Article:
Stately Homes and Castles - Scotland, Grampian and the
The oldest tower house in Scotland, with a later white
north of the A93 Banchory to Peterculter road, Drum
Castle is reached by a long and very bumpy drive down
an unclassified road with a lot of potholes.
In 1323 the castle was granted to William de Irwyn by King Robert the Bruce. The castle remained within the Irvine family until 1975, when it was handed over to the National Trust of Scotland. Unfortunately NTS do not allow photographs inside the castle.
The late C13th tower house is thought to be the oldest in Scotland but was unfortunately shut for renovation when we visited in September 2013. There had been problems with leaking roofs. Much of it was covered in polythene while work is ongoing. The large wing to the south was added in 1619 by the ninth Laird. There were further alterations in the Victorian period. The front and side of the castle are harled. The back is stone.
The front is rather plain, but a typically Scottish building with crow step gables, dark slate slab roof with dormer windows and a corner tower with a pointed roof. Steps lead up to the front door.
Visitors enter round the back of the castle off the courtyard. A doorway still with its iron yett leads into a small entrance hall with the ticket desk. A service passage way leads to the shop and very good tea room on the ground floor. This is in the old kitchens still with a cast iron range and copper kettles and frying pans.
A stone staircase leads up to the DRAWING ROOM on the first floor of the C17th wing. This was originally the great hall but was subdivided to form two rooms in the early C18th. The large windows were added then. The alcoves mark the position of the original Jacobean windows and are now used to display china. The room has a lovely golden oak panelled ceiling and a splendid carved wood fireplace which was a wedding gift from the tenants. The walls are covered with family portraits. Off in a corner is a small DOCUMENT ROOM with a copy of the family tree on the wall. There are family photos, medals and other family belongings like the paint box belonging to Anna Forbes, an accomplished artist. Many of her water colours are displayed round the castle.
A door leads through into the DINING ROOM with an oval dining table laid with flowered china and glassware. Above is a chandelier. Beside the dining table is a small table with an inset blue and white china tray which was used for serving tea. On a chest is a silver tea set and a spirit kettle. There is a huge sideboard with a wine cooler beneath it. On another wall is a huge wooden Crathes chest with large brass handles and brass corner decoration; another wedding present.
Off the dining room is the BUSINESS ROOM. A small wooden doorway was used by tenants coming to pay their rents so they didnít need to come into the castle. It is a cosy room with a round wooden table in the centre and two easy chairs by the fire. The walls have tall bookcases. There is a bureau inlaid with mother of pearl, a bible box and scales for weighing letters, complete with prices for postage.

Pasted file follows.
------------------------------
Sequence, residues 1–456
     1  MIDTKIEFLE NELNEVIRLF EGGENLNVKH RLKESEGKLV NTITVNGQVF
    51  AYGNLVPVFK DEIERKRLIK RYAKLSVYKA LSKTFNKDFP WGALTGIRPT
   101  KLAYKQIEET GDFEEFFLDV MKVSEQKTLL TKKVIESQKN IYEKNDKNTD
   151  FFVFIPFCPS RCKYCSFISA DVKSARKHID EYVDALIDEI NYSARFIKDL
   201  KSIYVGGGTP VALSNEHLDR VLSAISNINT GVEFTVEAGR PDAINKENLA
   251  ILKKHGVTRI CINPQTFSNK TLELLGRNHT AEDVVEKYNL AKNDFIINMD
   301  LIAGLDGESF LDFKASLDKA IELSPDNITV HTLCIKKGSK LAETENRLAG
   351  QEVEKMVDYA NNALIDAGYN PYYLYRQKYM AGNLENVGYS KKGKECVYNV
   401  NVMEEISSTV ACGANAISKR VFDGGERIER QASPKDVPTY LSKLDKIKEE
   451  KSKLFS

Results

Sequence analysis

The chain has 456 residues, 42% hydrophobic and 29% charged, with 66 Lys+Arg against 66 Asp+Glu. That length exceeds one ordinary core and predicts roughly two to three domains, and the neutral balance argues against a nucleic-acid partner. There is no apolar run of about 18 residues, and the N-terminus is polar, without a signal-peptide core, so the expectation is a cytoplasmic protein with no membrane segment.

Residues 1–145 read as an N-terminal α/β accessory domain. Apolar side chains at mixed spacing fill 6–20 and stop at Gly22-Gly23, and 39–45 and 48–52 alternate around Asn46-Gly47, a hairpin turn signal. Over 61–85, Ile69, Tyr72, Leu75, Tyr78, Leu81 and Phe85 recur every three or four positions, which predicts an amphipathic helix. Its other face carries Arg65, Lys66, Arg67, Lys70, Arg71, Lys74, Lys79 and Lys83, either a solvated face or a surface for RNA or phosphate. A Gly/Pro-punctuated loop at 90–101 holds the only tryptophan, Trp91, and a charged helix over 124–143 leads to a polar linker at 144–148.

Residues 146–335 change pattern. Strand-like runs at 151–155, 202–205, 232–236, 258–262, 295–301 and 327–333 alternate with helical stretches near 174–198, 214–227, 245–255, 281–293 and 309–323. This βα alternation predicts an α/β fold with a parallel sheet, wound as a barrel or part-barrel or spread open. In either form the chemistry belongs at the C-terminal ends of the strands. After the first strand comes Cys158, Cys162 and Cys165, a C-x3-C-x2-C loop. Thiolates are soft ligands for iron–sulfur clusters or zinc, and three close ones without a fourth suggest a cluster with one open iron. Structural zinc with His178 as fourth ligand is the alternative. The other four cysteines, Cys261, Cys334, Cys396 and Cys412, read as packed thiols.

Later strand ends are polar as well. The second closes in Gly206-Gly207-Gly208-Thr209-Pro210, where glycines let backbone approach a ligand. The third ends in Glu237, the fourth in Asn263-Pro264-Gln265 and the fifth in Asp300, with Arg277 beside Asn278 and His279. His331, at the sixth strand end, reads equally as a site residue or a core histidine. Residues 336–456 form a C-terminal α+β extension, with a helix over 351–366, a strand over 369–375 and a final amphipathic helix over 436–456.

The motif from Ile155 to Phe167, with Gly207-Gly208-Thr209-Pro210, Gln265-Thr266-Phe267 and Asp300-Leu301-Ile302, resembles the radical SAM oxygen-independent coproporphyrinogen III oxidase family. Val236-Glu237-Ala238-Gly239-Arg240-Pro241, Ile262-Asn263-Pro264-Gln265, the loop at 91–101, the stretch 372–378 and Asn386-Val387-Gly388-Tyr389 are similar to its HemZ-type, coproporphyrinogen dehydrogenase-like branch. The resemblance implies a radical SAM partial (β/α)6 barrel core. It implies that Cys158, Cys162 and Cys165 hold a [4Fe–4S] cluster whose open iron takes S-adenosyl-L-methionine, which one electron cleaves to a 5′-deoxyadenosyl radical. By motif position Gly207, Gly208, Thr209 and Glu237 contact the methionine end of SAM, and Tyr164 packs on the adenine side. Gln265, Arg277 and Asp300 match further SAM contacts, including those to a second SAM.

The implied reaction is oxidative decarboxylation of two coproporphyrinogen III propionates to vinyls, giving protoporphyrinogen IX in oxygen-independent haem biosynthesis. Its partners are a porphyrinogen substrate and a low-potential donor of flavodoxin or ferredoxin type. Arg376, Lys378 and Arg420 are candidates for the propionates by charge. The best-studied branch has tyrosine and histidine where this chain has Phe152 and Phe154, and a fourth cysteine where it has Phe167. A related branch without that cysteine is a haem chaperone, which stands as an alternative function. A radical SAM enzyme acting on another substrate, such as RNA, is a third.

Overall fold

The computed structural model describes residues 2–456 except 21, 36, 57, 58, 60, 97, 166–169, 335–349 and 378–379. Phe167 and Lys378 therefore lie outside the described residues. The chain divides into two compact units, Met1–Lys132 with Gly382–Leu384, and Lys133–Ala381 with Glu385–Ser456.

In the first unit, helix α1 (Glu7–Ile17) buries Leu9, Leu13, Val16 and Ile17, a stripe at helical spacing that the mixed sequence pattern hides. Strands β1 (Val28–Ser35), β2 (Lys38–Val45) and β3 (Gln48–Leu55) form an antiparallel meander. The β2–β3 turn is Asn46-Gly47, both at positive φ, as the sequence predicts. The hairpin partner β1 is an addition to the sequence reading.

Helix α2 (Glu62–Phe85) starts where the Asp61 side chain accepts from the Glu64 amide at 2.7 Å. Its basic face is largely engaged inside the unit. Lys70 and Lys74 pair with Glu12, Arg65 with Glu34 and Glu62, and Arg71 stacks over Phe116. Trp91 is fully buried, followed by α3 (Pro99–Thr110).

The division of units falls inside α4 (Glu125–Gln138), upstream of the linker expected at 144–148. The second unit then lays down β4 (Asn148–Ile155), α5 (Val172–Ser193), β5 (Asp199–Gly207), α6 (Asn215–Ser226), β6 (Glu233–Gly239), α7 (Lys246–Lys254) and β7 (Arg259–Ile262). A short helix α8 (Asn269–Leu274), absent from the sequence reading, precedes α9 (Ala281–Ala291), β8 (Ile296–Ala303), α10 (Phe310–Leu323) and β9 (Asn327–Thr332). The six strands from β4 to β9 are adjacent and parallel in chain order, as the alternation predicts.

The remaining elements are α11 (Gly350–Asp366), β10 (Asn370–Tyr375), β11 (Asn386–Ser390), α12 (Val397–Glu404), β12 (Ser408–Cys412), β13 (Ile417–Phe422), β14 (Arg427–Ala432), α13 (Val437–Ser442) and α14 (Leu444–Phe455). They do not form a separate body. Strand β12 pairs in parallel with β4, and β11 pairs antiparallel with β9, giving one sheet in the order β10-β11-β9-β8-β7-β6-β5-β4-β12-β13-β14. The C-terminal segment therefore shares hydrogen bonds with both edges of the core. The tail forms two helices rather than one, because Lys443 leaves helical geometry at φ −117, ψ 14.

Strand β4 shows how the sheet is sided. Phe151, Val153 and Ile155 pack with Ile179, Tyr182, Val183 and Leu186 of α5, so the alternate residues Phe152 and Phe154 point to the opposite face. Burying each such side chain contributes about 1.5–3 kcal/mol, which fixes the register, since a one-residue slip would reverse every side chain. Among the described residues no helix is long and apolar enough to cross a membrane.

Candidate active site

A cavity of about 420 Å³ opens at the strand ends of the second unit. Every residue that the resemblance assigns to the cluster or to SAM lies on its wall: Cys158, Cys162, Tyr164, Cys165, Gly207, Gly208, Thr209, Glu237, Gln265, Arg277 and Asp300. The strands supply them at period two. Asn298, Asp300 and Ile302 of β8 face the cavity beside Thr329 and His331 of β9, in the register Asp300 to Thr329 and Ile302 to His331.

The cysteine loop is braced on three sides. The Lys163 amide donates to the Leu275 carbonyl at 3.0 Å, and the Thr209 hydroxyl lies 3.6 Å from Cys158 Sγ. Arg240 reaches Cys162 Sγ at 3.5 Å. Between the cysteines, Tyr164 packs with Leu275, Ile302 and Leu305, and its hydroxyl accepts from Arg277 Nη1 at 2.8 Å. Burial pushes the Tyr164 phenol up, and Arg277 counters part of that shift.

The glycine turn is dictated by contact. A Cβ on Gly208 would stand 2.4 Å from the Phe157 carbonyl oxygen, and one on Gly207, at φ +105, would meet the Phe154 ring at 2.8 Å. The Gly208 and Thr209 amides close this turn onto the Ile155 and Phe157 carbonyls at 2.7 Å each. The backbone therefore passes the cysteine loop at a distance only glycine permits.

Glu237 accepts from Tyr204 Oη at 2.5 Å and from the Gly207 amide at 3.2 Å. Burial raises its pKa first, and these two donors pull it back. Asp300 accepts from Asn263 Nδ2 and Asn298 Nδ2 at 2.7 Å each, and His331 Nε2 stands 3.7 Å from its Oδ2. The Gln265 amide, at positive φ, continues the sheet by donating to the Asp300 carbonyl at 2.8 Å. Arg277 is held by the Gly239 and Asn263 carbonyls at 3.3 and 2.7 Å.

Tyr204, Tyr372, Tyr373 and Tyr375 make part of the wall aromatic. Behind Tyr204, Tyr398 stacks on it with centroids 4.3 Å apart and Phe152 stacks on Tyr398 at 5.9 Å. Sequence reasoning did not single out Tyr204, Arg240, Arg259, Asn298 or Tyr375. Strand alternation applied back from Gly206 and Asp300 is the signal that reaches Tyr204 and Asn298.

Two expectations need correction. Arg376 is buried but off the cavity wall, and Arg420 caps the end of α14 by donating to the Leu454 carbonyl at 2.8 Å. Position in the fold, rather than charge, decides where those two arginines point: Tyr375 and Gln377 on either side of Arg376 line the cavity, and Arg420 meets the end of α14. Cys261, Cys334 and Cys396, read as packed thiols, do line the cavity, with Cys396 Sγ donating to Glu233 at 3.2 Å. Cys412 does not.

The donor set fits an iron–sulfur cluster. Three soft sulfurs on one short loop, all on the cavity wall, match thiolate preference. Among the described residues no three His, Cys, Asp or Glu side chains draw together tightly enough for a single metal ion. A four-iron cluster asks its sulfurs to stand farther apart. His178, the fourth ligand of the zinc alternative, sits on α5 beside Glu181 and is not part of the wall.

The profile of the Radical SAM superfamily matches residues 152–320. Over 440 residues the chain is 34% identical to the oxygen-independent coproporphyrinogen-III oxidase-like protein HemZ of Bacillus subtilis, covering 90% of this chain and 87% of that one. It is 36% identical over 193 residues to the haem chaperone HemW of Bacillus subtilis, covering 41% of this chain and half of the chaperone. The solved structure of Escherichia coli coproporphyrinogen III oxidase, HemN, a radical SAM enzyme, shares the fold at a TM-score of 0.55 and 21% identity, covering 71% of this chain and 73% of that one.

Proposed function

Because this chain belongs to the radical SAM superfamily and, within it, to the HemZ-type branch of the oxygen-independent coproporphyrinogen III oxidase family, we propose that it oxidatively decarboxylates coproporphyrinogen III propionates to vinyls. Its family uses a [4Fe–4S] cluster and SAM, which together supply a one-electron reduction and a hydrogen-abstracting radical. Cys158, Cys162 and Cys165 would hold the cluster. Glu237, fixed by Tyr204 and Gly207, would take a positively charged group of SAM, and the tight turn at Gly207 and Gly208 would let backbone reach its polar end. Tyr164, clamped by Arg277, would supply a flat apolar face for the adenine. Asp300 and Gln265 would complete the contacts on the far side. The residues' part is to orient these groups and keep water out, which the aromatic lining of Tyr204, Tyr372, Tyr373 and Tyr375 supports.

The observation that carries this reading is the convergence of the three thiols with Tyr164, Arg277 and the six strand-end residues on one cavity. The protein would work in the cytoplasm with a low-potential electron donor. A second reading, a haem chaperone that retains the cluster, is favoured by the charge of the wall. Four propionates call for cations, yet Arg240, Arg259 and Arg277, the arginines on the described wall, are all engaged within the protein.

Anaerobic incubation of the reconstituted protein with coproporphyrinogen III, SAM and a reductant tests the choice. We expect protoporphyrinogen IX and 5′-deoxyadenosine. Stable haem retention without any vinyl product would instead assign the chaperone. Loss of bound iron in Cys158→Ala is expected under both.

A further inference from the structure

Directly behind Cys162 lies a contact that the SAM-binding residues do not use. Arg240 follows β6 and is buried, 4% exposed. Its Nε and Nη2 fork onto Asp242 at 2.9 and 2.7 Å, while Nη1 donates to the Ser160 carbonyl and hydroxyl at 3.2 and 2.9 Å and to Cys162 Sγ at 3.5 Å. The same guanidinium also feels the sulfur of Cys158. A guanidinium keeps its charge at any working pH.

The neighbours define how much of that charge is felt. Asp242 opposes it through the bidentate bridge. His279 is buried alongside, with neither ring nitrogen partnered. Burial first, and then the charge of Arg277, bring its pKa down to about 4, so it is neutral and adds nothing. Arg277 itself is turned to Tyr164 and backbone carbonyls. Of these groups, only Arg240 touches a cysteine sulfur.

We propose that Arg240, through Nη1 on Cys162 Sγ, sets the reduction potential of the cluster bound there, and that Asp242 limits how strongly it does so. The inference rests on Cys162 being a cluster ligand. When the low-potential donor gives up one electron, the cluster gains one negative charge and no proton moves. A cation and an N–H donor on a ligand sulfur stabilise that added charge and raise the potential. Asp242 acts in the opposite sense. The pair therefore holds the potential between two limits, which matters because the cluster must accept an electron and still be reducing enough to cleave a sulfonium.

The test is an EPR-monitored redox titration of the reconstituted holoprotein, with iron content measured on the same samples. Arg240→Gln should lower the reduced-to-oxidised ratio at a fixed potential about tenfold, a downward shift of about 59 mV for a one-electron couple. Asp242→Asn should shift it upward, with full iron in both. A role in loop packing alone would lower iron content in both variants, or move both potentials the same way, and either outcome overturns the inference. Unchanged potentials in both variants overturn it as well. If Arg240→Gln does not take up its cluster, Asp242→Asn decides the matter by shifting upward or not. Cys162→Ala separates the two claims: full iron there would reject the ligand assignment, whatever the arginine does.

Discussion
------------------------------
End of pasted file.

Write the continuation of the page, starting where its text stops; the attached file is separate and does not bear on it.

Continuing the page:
A spiral staircase leads to the bedrooms. The Chintz room was shut as part of the tower renovations. The first BEDROOM has a small fireplace, sage green carpet and half tester bed with flowered drapes. There is a lovely bedside table with a marquetry design with a candlestick holder and snuffer on it. Furnished with chest of drawers and bureau, there is a small dressing room off one wall.
A doorway leads through into a small SITTING ROOM with fireplace and easy chair. A large wall cabinet has a blue and white china horse with attitude displaced on the top. There are some of Anna Forbesís water colours on the walls.
The spiral staircase continues up to the day and night NURSERIES, both with fireplaces. The day nursery has a selection of C19th toys including rocking horse, dolls house, train and bagatelle board. A large cupboard with glass doors has more small toys. There is an upright piano and samplers on the walls. The night nursery beyond has a brass bed with paisley bedspread and two smaller cots. There is a large screen with pictures pasted onto it, and a washstand with bowl and jug. On the wall are worthy religious texts.
The tour would normally continue into the tower and library, but these were closed off until the renovation work is finished. We returned down the spiral staircase to the late C19th GALLERY which was added along the length of the C17th range, This gave access to the different rooms without having to go through all the rooms to get from one end of the house to the other. It was very quiet apart from the grandfather clock ticking. At one end is a stone fireplace. At the other, a small cast iron stove. There are some lovely C16th carved wood cupboards. This leads back to the stone stairs down to the reception area.
Because of the restoration work, there weren't many rooms to see, but this is a very satisfying castle to visit. It gets fewer visitors than its close neighbour Crathes Castle which is popular with coach tours.
In the grounds is a tiny chapel, built in the C16th and restored in the C19th. On the walls are C19th brass memorials to the Irving family.
There are extensive grounds with grass, specimen trees, pond garden and a walled rose garden.
||Back to top